The story of Tinder’s marketing in its earliest days is legendary. The new and unknown app hit 15,000 users in its first week. One might assume that early and clever design decisions – the swipe! – meant Tinder was born poised for success. Well, not quite. The Tinder team also had to execute savvy marketing moves to win over users who would come to love the app and enthusiastically spread the word about it. In this article, we take a look behind Tinder’s marketing strategy.
Leverage the power of communities
When Tinder launched from an L.A.-based incubator in the autumn of 2012 some of its developers were part of the fraternity and sorority system at USC. The Tinder team offered to host parties for sororities with a new wrinkle: everyone attending had to download the Tinder app and show it at the door to gain entrance. Throughout that fall, the pattern was repeated on other campuses. With virtually no promotion budget, Tinder was able to align itself with thriving and active communities. Getting groups of people to try the app, become attached to it, and talk about their experience meant the word spread organically.
Build for word of mouth or make it yourself
Once a community fully engaged with the product, another important facet of Tinder’s early marketing came into play: Breaking out beyond the initial community. The launch across campuses in the fall of 2012 could have fizzled out when campuses emptied for winter break. Instead, a new phase kicked in. The students went home, or took winter vacations, meeting up with family members and old friends. They spread the story of the cool new dating app, and Tinder began to break out beyond the campuses. As Tinder’s reputation spread virally, the strategy kicked into another gear by seeking to enlist high-profile users. A celebrity using the app or mentioning it in a positive way was essentially the same strategy that they used on college campuses, but the message would radiate out to a much wider audience.
Keep the momentum going
It became apparent that Tinder would always be spreading by word of mouth. But the company couldn’t sit still, it had to keep finding ways to help inspire its users to keep talking. In 2019 Tinder rolled out “Festival Mode,” which was aimed at young people attending music festivals. In an interview that summer, Tinder’s then-head of marketing, Jenny Campbell, said the following. “I’d be surprised if any 21-year-old hadn’t heard of Tinder. So simply sponsoring something we know is popular is probably not going to be enough for our users and our audience.”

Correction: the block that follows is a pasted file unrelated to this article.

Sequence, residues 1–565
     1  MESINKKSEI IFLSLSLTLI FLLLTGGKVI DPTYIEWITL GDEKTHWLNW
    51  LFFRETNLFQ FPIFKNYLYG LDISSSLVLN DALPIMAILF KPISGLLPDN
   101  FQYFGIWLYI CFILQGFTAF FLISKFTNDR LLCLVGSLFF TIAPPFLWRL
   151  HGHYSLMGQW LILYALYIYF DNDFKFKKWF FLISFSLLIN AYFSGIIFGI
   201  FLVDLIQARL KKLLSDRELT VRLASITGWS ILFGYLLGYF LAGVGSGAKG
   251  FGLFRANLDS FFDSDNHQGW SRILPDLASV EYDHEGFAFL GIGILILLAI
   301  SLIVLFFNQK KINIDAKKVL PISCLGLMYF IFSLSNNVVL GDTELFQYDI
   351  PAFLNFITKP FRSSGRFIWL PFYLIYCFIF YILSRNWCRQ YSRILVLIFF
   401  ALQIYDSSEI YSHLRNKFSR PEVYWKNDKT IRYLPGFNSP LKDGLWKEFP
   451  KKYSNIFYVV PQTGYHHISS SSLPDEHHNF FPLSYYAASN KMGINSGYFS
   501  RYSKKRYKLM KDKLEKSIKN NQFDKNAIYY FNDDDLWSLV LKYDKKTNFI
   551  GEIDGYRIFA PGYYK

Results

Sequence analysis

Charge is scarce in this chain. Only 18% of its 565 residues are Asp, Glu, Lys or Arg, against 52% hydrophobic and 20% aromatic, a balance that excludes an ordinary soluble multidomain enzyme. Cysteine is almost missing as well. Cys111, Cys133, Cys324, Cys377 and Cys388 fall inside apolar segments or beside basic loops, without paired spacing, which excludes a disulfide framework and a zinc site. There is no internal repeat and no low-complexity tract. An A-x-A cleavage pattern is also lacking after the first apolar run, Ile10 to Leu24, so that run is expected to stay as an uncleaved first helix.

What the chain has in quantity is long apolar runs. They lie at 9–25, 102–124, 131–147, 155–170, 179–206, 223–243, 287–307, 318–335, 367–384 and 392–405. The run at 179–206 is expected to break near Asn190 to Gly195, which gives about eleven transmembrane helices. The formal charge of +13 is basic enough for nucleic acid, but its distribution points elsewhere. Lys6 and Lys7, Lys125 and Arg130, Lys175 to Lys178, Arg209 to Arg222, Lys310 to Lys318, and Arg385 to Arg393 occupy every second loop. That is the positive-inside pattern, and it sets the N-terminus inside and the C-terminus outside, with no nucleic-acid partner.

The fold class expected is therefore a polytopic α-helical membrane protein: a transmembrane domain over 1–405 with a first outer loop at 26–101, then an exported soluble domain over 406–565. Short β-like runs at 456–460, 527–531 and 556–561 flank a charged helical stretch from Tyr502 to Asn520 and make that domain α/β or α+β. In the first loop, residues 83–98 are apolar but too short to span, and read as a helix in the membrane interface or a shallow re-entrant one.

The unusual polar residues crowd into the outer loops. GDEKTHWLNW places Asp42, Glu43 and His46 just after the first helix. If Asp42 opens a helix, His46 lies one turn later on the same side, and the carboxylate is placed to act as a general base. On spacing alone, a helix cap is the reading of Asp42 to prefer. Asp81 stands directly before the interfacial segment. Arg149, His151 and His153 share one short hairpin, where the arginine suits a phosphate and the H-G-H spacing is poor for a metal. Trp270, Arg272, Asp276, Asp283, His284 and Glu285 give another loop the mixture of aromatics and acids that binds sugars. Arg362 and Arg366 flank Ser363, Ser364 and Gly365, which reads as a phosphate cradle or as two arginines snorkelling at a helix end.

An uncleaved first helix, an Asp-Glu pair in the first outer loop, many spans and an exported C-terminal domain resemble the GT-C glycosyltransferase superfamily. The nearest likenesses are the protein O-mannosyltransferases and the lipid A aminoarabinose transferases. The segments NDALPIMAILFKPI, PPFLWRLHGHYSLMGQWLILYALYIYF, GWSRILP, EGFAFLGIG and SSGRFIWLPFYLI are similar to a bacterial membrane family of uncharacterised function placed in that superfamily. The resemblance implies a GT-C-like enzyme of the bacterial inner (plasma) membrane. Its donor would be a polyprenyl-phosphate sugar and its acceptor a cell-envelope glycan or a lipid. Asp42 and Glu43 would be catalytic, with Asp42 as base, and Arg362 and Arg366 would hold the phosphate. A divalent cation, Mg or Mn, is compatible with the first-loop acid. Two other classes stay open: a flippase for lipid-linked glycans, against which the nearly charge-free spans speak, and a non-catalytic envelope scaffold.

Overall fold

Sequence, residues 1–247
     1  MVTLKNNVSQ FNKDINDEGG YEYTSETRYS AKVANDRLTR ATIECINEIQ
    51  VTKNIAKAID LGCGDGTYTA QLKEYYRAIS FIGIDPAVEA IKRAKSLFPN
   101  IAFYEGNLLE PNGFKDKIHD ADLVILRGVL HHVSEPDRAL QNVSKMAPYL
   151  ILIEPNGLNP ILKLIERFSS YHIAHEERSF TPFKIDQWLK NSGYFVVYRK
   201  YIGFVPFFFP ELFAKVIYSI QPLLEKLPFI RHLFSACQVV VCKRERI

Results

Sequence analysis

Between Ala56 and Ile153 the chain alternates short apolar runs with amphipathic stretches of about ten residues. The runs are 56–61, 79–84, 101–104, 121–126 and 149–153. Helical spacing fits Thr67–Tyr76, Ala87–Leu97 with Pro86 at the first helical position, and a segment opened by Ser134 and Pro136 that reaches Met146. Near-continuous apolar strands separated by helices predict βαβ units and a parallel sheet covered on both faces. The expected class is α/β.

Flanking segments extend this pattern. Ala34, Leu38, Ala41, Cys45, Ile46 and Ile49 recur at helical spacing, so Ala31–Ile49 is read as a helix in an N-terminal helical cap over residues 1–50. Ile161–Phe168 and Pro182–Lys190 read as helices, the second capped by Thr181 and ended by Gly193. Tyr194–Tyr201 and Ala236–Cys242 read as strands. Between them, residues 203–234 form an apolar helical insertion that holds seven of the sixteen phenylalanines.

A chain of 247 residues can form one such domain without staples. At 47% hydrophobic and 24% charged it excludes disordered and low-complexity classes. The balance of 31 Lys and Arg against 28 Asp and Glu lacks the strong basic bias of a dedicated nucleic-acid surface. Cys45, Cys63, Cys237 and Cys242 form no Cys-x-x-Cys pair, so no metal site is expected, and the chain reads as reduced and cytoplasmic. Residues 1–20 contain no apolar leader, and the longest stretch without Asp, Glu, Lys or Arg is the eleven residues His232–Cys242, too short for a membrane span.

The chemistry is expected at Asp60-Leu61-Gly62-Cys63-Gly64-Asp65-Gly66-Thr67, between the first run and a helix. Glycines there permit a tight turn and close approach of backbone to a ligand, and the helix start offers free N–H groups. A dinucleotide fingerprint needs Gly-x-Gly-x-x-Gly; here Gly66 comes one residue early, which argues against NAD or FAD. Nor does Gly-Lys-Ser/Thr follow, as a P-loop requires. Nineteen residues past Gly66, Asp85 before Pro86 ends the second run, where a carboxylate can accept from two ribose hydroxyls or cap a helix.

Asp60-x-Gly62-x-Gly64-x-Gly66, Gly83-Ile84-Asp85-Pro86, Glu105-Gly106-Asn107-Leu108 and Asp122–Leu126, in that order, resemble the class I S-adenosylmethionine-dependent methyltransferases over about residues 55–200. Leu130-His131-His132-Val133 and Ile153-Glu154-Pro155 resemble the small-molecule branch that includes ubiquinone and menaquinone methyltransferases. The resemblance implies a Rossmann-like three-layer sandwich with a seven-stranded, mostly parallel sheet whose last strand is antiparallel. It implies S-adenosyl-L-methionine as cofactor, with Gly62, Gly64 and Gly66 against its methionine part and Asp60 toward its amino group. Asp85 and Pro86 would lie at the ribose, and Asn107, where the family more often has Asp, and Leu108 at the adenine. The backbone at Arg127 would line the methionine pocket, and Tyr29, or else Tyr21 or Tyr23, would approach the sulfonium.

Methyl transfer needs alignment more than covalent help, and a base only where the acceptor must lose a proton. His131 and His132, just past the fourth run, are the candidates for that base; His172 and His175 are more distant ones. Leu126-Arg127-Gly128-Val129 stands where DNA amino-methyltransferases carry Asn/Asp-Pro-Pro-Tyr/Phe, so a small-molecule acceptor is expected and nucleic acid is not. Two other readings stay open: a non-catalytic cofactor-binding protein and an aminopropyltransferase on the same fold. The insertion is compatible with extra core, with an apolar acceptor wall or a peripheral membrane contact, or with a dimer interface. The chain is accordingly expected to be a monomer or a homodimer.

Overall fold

Festival Mode lets users add which festivals they’d be attending to their profiles. Users could swipe, chat, and meet before the festival. During the days of the festival, they could meet up with people they’d connected with. By making itself part of the festival experience, Tinder made sure festival-goers talking about that experience would be talking about Tinder. Free festival sponsorship for Tinder.
In late 2019 Tinder moved to inspire more conversation by launching Swipe Night. An interactive “choose your own adventure” story in which users made choices by, naturally, swiping on their phone. On the Saturday nights when the story was live on the app, the number of matches increased over an ordinary Sunday night by 26%. By creating an adventure experience with its app, the company won awards from Fast Company as well as at the prestigious Cannes Lion Festival. Nice, but the real point, as ever, was to keep users engaged and talking about their experiences on Tinder. Not every company can afford a production that will gain accolades and even an Emmy nomination. But the underlying idea, using your own app in experimental ways to keep people talking about your company, can be adapted.
Retention focused marketing
Tinder’s leadership strongly sensed that a user who really wanted to try the app because his friend boasted of the experience was a user who would become a regular user. The Tinder crew wasn’t interested in racking up download stats. They wanted persistently active users, the true believers who would tell their Tinder stories and keep energizing organic growth.
Don’t neglect brand campaigns
In the January 2023 letter to its shareholders, Tinder’s parent company, Match Group, announced that Tinder would soon be launching a worldwide brand campaign. Noting that Tinder had grown “rapidly, by strong organic word of mouth” which had contributed to a “narrow brand perception.” The shareholders’ letter stated that by launching a “fresh, multichannel brand campaign,” Tinder will showcase “the full range of what it offers and develop a more accurate brand story.” Given what Tinder has already demonstrated, it will be fascinating to see what’s ahead.
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